Input Industry Iron Corn Labor 5/89 ≈ 0.0562 Person-Yrs. 57,101/51,353 ≈ 1.11 Person-Yrs. Iron 9/356 ≈ 0.0253 Tons 11/356 ≈ 0.0309 Tons Corn 10/89 ≈ 0.112 Bushels 11/89 ≈ 0.124 Bushels Output 5/89 ≈ 0.0562 Tons 110/89 ≈ 1.24 Bushels

 Input Industry Iron Corn Labor 3/577 ≈ 0.00520 Person-Yrs. 671/577 ≈ 1.16 Person-Yrs. Iron 27/11,540 ≈ 0.00234 Tons 33/11,540 ≈ 0.00286 Tons Corn 6/577 ≈ 0.0104 Bushels 2,519/2885 ≈ 0.873 Bushels Output 3/577 ≈ 0.00520 Tons 5,434/2,885 ≈ 1.88 Bushels

4.0 Prices and the Choice of Technique

The choice of technique is analyzed based on prices of production and cost-minimization. Labor is assumed to be advanced, and wages are paid out of the surplus product at the end of the year. Corn is taken as the numeraire. Figure 1 graphs the wage curve for the two techniques. The cost-minimizing technique, at a given rate of profits, maximizes the wage. That is, the cost-minimizing techniques form the outer envelope, also known as, the wage frontier, from the wage curves. In the example, the Beta technique is cost minimizing for high rates of profits, while the Alpha technique is cost-minimizing between the two switch points. At the switch points, any linear combination of the two techniques is cost-minimizing.

One switch point is a fluke; it occurs for a rate of profits of zero. Any infinitesimal variation in the coefficients of production would result in the switch point no longer being on the wage axis. This intersection between the wage curves would then either occur at a negative or positive rate of profits. In the former case, the example would be one with a single switch point with a non-negative, feasible rate of profits, and the real Wicksell effect would be negative at that switch point. In the latter case, it would be a reswitching example, with the Beta technique uniquely cost-minimizing for low and high rates of profits. The real Wicksell effect would be negative at the first switch point and positive at the second.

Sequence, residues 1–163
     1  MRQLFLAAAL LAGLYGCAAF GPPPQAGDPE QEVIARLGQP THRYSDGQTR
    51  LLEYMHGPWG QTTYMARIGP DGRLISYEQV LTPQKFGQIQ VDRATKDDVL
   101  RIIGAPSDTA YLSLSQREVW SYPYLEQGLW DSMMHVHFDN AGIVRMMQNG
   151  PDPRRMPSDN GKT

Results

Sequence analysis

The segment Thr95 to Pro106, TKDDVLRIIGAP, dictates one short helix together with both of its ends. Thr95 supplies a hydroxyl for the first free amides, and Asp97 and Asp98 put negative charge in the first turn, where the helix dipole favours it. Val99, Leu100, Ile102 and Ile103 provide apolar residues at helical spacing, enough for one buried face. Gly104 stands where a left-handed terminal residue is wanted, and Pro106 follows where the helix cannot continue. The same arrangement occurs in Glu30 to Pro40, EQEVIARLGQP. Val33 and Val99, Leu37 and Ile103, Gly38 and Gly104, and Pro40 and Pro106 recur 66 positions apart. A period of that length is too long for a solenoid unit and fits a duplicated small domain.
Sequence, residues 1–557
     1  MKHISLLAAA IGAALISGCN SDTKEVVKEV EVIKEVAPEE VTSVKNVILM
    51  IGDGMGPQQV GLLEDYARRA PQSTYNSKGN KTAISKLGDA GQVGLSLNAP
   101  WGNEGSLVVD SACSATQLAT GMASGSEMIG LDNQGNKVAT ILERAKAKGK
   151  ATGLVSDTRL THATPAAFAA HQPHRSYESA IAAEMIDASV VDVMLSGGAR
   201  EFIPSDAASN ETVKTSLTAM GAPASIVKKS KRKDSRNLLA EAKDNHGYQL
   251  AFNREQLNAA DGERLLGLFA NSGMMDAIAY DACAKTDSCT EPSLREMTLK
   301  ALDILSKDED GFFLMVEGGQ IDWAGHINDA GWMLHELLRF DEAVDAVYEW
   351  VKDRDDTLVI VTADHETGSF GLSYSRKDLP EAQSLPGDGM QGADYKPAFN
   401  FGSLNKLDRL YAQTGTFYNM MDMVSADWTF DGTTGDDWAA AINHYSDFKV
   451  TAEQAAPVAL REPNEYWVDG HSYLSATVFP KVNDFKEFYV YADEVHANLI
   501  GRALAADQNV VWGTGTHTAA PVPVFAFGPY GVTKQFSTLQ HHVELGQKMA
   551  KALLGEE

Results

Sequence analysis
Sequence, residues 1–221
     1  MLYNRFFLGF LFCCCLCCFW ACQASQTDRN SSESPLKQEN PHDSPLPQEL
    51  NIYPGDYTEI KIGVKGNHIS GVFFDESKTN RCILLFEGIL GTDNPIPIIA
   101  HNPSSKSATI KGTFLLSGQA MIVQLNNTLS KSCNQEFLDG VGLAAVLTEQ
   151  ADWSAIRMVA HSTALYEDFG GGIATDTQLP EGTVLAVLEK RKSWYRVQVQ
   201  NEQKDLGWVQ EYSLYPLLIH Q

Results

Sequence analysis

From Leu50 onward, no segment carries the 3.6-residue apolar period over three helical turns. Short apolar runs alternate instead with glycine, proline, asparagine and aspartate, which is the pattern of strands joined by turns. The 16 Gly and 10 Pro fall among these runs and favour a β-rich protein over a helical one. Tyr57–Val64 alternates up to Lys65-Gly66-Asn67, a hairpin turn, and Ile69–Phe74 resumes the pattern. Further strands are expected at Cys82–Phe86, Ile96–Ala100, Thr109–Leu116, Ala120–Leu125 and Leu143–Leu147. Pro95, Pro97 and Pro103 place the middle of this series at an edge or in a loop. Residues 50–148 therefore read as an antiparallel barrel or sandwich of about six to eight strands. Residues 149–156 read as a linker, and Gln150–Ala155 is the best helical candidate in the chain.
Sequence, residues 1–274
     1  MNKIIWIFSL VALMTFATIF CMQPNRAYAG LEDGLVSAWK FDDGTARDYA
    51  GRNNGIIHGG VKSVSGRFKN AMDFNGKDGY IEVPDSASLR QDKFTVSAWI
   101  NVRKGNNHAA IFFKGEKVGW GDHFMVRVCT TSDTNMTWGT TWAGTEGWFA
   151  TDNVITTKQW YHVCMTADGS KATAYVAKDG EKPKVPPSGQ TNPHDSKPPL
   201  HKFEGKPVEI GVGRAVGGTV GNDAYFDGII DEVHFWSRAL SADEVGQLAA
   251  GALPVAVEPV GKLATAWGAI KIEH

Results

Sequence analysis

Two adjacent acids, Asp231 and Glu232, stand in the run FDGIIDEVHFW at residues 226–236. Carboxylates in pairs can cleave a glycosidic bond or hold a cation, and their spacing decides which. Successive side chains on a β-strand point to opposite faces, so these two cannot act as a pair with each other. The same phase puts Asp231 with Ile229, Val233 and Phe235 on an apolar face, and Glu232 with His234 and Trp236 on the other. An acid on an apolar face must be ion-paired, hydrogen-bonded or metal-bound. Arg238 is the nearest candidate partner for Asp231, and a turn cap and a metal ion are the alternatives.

5.0 Aggregates

In calculating wage curves, one can also find prices for each rate of profits. Table 5 shows certain aggregates, as obtained from Tables 2 and 3 and the price of iron at the switch point with a positive rate of profits. (Table 4 shows this price.) The numeraire value of capital per person-year, for a given technique and a given rate of profits, is the additive inverse of the slope of a line joining the intercept of the technique's wage curve with the wage axis to a point on the wage curve at the specified rate of profits. The capital-labor ratio, for a given technique, varies with the rate of profits, unless the wage curve is a straight line. Since a switch point occurs on the wage axis, the capital-labor ratio for both techniques at the other switch point is identical. As seen in Table 5, it does not vary among the two cost-minimizing techniques at the switch point with a positive rate of profits. The real Wicksell effect is zero at this switch point.